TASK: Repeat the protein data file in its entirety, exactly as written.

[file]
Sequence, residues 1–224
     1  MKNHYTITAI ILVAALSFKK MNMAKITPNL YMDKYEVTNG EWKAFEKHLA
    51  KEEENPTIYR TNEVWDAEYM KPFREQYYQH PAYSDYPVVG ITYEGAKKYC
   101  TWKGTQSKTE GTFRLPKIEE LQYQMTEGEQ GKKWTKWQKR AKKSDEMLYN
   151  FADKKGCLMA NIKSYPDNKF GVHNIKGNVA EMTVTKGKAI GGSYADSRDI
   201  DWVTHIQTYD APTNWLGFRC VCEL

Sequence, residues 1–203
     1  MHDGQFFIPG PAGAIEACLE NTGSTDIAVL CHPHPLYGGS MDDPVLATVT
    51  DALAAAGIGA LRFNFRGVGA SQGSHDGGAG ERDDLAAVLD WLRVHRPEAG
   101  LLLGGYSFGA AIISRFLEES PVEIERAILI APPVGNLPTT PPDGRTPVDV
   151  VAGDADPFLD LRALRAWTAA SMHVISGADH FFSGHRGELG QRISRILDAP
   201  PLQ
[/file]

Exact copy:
Sequence, residues 1–224
     1  MKNHYTITAI ILVAALSFKK MNMAKITPNL YMDKYEVTNG EWKAFEKHLA
    51  KEEENPTIYR TNEVWDAEYM KPFREQYYQH PAYSDYPVVG ITYEGAKKYC
   101  TWKGTQSKTE GTFRLPKIEE LQYQMTEGEQ GKKWTKWQKR AKKSDEMLYN
   151  FADKKGCLMA NIKSYPDNKF GVHNIKGNVA EMTVTKGKAI GGSYADSRDI
   201  DWVTHIQTYD APTNWLGFRC VCEL

Sequence, residues 1–203
     1  MHDGQFFIPG PAGAIEACLE NTGSTDIAVL CHPHPLYGGS MDDPVLATVT
    51  DALAAAGIGA LRFNFRGVGA SQGSHDGGAG ERDDLAAVLD WLRVHRPEAG
   101  LLLGGYSFGA AIISRFLEES PVEIERAILI APPVGNLPTT PPDGRTPVDV
   151  VAGDADPFLD LRALRAWTAA SMHVISGADH FFSGHRGELG QRISRILDAP
   201  PLQ